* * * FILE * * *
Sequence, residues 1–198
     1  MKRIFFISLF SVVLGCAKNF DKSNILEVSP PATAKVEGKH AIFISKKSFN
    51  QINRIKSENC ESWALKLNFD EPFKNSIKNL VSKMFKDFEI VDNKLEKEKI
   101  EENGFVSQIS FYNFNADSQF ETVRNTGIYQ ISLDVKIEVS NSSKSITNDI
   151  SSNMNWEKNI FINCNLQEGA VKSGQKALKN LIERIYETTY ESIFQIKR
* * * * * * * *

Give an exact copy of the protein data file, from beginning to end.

Sequence, residues 1–198
     1  MKRIFFISLF SVVLGCAKNF DKSNILEVSP PATAKVEGKH AIFISKKSFN
    51  QINRIKSENC ESWALKLNFD EPFKNSIKNL VSKMFKDFEI VDNKLEKEKI
   101  EENGFVSQIS FYNFNADSQF ETVRNTGIYQ ISLDVKIEVS NSSKSITNDI
   151  SSNMNWEKNI FINCNLQEGA VKSGQKALKN LIERIYETTY ESIFQIKR